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Posted: Mon Mar 01, 2010 1:46 am
by roflamingo
martin wrote:Use a flood fill algorithm:

1) Generate all points in the ocean and add them to a set


I tried doing this with the first coroutine setup and it was extremely slow.

Are you doing this? What algorithm and step values do you use? Is it fast enough?

Posted: Mon Mar 01, 2010 10:15 am
by martin
bert_the_turtle wrote:Welcome to the DEFCON forums, where everything gets turned into an argument :)


Oh god, you're right :O
xander, let's agree to differ one this one ;)

xander wrote:Finally, the acronym is PEMDAS: parentheses (or brackets, as you silly Europeans call them), exponents, multiplication and division, and addition and subtraction. :P

xander


I've never heard of PEMDAS, the various ones I have heard through the years are BODMAS and BIDMAS (I can't remember what the O stands for, if I remember correctly that was before we learnt about exponents and it's basically just a placeholder, the I stands for indices, and I always thought BEDMAS would make more sense).

Montyphy wrote:
xander wrote:Moreover, it is even bad code, as I highly doubt that you would be using x in that situation (it is likely that "x" would already be used for something else).


You obviously haven't seen martin's code :P


In all seriousness, I have no idea if my Lua code is good or not, I'm writing it in a pretty strong OOP style, which is probably not classical Lua style.

roflamingo wrote:
martin wrote:Use a flood fill algorithm:

1) Generate all points in the ocean and add them to a set


I tried doing this with the first coroutine setup and it was extremely slow.

Are you doing this? What algorithm and step values do you use? Is it fast enough?


I'm not, but I am doing something similar with surveying the land around my cities for find the best place to put silos

I was talking in pseudo code, you can probably do it somewhat better than that in reality

1) Pick a random point in the ocean and add to a set foo
2) Generate all surrounding points, for each point which is _not_ in the set foo do step add to set and do step 2
3) At the end, if foo does not contain all ocean points, then you have a discontinuous ocean.

Determining step 3 is not trivial, but I'm sure some simple solution can be found (it's 9am, I'm not gonna figure out how to do it right now)

Finally, for an implementation of a set in Lua, see the Joshua/Utilities folder :)

Posted: Mon Mar 01, 2010 3:18 pm
by xander
martin wrote:
Montyphy wrote:
xander wrote:Moreover, it is even bad code, as I highly doubt that you would be using x in that situation (it is likely that "x" would already be used for something else).


You obviously haven't seen martin's code :P


In all seriousness, I have no idea if my Lua code is good or not, I'm writing it in a pretty strong OOP style, which is probably not classical Lua style.

I have not taken a lot of programming, nor do I program that often, nor do I read other people's code that often. However, was always taught to use the clearest possible variable naming conventions, to ensure that my code is readable to others. The best possible code is that which requires no comments because everything is so self-evidently clear that any idiot could read through it and know what is going on. From that standpoint, using "x" rather than "x1" is confusing. If nothing else, it gives the impression that "x" and "x2" are different kinds of variables. It does not imply that, for instance, one is an int and the other a float, but it does imply that they are holding different pieces of unrelated data. On the other hand, "x1" and "x2" are clearer, and are in line with mathematical convention. Thus a mathhead like myself finds Ace's version more readable.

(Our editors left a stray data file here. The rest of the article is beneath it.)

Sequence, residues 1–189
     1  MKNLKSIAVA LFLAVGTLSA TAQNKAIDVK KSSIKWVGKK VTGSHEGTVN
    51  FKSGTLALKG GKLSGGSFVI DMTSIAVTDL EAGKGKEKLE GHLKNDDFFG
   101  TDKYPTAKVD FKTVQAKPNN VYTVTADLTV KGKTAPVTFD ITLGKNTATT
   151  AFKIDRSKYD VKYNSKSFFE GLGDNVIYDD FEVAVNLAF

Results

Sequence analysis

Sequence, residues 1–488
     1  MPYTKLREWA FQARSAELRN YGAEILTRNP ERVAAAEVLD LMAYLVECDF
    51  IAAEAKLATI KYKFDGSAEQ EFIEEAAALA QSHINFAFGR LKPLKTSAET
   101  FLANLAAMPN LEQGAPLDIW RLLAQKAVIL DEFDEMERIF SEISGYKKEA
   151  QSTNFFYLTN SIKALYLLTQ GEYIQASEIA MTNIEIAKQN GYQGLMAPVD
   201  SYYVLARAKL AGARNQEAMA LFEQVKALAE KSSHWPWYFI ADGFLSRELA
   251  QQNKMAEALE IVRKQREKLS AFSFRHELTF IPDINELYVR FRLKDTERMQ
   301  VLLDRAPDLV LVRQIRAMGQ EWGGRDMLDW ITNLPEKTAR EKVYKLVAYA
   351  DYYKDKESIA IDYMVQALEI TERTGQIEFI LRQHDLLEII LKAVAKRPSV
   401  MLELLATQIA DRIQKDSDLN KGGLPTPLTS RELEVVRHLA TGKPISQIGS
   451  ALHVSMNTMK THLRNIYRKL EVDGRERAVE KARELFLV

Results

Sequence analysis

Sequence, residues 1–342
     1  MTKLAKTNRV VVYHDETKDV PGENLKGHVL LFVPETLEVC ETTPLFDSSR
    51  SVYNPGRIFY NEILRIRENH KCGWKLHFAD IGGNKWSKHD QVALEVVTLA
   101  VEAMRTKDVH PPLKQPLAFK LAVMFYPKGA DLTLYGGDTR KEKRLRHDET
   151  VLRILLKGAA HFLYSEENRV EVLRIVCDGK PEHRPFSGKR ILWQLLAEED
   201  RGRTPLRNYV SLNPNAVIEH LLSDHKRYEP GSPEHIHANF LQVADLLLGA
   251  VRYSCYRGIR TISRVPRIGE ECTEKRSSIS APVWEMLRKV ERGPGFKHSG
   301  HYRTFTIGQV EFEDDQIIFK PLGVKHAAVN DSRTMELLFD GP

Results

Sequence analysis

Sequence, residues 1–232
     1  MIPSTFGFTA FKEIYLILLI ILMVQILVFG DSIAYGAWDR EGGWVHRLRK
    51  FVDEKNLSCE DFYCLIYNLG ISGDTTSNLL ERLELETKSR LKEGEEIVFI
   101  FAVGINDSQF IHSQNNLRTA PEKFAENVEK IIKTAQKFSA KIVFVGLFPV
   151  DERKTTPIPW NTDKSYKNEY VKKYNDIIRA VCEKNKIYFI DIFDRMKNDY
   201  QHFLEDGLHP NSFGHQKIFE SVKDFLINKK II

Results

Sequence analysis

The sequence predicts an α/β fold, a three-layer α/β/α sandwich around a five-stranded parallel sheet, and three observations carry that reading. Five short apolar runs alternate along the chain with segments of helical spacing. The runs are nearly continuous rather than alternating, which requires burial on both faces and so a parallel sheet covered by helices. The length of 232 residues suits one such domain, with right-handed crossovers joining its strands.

On the other hand, I suppose that your code is more functional (i.e. it does what it is supposed to do), so a programming junkie would probably prefer yours. When I say that Ace's version is more "correct," I am speaking from my perspective as a math person, not as a programmer. This is a situation where context is probably important. That being said, you are still both wrong. :P

xander

Posted: Mon Mar 01, 2010 8:23 pm
by martin
Oh I would never use names like x and x2 in code! Have a glance through the Joshua source and you'll see I use pretty verbose names. However, for a little example like that, where I was mostly worried about correcting a bracketing mistake that would cause Lua to throw a wobbly, I didn't really care about naming where it was obvious what I meant ;)

Posted: Mon Mar 01, 2010 8:27 pm
by Montyphy
martin wrote:Oh I would never use names like x and x2 in code! Have a glance through the Joshua source and you'll see I use pretty verbose names.


svn/trunk/whiteboard.lua

Code: Select all

Whiteboard.DrawLine = function(x, y, x2, y2)
        WhiteboardDraw(x, y, x2, y2)
end



:P

Posted: Mon Mar 01, 2010 8:31 pm
by martin
I inherited that from the old version of Joshua, which iirc is inherited from the old version of the Luabot. Maybe I should change that :oops:

Before anyone points it out, yes I know I call tables in my constructor methods "t" but no, I'm not going to change that, I just can't be arsed :P

Posted: Tue Mar 02, 2010 12:40 am
by xander
martin wrote:Oh I would never use names like x and x2 in code! Have a glance through the Joshua source and you'll see I use pretty verbose names. However, for a little example like that, where I was mostly worried about correcting a bracketing mistake that would cause Lua to throw a wobbly, I didn't really care about naming where it was obvious what I meant ;)

If you are going to take the time to correct someone take the time to do it right. The only thing more annoying that posts that consist of an edited quote and the word "Fixed" (or some variant thereof) are such posts where the fix is incomplete or inaccurate.

xander